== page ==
Dore, Maria Pina and Piana, Andrea Fausto and Carta, Mario and Atzei, Aldo and Are, Bianca Maria and Mura, Ida Iolanda and Massarelli, Giovannino and Maida, Alessandro and Sepulveda, Antonia R. and Graham, David Y. and Realdi, Giuseppe (1998) Amoxycillin resistance is one reason for failure of amoxycillin-omeprazole treatment of Helicobacter pylori infection. Alimentary Pharmacology and Therapeutics, Vol. 12 (7), p. 635-639. eISSN 1365-2036. Article.
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Background: The efficacy of omeprazole and amoxycillin dual therapy to treat Helicobacter pylori infection has been inconsistent, suggesting the presence of host or bacterial factors influencing treatment success. The aim of this study was to assess the role of pre-treatment amoxycillin resistance in the efficacy of omeprazole and amoxycillin dual therapy.
Methods: We studied 43 consecutive dyspeptic patients with H. pylori infection. Pre-treatment H. pylori infection was established by the combination of positive rapid urease test, culture and histology. Amoxycillin susceptibility testing was performed by an Epsilometer test (E-test) method and amoxycillin resistance was defined as minimum inhibitory concentration greater than 8 Î¼g/mL. Patients received 20 mg omeprazole twice daily for 28 days and amoxycillin 1000 mg twice daily for 2 weeks. Adverse effects were documented using a questionnaire. H. pylori status was reassessed 6-8 weeks after the end of treatment by rapid urease testing and histological examination of gastric biopsies.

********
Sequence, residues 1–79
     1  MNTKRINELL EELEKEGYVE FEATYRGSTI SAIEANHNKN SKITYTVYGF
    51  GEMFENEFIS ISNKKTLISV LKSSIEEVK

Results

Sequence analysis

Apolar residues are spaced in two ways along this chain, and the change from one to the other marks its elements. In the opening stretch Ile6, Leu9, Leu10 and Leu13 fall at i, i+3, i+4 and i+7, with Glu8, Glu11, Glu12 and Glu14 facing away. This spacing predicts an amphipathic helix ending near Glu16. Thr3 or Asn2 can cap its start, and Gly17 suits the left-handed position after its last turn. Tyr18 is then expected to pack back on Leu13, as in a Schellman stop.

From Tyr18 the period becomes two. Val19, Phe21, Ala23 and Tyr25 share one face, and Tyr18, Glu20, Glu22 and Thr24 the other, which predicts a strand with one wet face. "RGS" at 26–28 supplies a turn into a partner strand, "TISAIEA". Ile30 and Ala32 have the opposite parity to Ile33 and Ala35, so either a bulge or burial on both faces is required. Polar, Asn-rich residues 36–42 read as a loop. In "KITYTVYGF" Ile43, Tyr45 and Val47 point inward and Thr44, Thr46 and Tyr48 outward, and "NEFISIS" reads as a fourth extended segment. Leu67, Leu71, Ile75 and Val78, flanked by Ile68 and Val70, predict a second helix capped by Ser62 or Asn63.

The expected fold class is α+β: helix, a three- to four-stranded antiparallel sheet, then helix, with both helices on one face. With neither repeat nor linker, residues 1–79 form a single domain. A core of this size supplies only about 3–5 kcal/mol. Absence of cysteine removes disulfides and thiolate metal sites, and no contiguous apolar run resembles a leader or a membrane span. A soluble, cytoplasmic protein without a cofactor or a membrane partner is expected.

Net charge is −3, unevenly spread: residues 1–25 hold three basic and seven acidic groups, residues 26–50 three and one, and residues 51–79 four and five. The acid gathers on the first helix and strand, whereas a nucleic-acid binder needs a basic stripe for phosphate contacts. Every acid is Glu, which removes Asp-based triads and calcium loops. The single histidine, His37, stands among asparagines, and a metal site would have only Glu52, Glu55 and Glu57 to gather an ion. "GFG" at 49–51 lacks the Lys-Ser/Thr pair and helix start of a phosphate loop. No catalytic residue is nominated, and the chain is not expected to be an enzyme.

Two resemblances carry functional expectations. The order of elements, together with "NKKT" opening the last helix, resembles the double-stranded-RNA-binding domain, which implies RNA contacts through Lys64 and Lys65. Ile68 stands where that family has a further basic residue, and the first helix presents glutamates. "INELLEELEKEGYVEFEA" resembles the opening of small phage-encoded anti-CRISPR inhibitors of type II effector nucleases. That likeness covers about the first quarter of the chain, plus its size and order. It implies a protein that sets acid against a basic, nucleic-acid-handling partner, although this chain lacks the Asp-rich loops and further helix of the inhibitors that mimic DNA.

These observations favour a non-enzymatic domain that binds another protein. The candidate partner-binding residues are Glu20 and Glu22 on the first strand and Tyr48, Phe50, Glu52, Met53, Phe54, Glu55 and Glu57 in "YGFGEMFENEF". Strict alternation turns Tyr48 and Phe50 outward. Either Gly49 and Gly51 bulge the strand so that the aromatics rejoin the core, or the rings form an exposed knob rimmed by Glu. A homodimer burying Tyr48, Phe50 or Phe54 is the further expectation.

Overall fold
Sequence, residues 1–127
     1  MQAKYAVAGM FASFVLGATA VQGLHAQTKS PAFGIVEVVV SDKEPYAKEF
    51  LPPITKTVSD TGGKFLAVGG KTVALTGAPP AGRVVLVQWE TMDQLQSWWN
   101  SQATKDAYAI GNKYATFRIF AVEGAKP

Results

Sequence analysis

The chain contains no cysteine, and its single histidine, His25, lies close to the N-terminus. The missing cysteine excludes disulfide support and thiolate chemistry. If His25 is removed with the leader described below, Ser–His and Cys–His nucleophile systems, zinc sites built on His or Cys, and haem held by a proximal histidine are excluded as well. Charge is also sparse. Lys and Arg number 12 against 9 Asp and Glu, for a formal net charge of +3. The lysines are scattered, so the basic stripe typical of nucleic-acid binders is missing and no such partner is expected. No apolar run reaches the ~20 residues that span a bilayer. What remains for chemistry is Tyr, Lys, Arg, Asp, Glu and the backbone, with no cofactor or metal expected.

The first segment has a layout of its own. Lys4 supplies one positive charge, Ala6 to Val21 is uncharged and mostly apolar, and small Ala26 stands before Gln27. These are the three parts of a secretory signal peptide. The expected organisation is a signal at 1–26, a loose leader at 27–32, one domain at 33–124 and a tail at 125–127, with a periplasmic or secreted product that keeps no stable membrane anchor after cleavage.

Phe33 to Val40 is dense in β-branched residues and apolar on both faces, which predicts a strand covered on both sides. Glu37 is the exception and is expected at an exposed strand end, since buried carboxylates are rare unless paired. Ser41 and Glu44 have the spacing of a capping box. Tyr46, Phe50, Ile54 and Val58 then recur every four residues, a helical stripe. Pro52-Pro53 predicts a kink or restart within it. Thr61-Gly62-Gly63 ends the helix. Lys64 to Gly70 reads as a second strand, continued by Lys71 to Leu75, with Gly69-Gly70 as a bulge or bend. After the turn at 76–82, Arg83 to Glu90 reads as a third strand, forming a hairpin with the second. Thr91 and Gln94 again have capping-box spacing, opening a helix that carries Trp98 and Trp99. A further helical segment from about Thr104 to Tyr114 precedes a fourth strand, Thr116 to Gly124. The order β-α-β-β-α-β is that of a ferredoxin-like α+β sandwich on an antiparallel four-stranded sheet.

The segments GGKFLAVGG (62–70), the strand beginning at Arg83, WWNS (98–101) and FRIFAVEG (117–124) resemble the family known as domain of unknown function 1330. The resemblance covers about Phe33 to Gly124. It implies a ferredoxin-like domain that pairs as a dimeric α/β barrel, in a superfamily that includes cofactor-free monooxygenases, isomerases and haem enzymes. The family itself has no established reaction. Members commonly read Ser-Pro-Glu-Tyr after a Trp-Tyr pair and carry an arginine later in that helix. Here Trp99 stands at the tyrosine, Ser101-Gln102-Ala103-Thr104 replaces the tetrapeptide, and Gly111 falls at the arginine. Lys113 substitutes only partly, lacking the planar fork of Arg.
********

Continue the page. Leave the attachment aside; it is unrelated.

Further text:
Results: Forty-two dyspeptic patients completed the study, and one patient dropped out. H. pylori infection was cured in 23 of 42 patients (55%). The cure rate was higher in patients harbouring amoxycillin-sensitive organisms than in those with resistant strains: 66% (19/29) vs. 31% (4/13), respectively (P = 0.049). No significant differences in cure rates were evident in relation to age, sex, smoking habits or compliance.
Conclusions: The effectiveness of amoxycillin-omeprazole dual therapy was greatly reduced in the presence of pre-treatment amoxycillin-resistant H. pylori. The success rate in patients with amoxycillin-sensitive H. pylori was only 66%, suggesting the presence of additional factors affecting the efficacy of this therapy.
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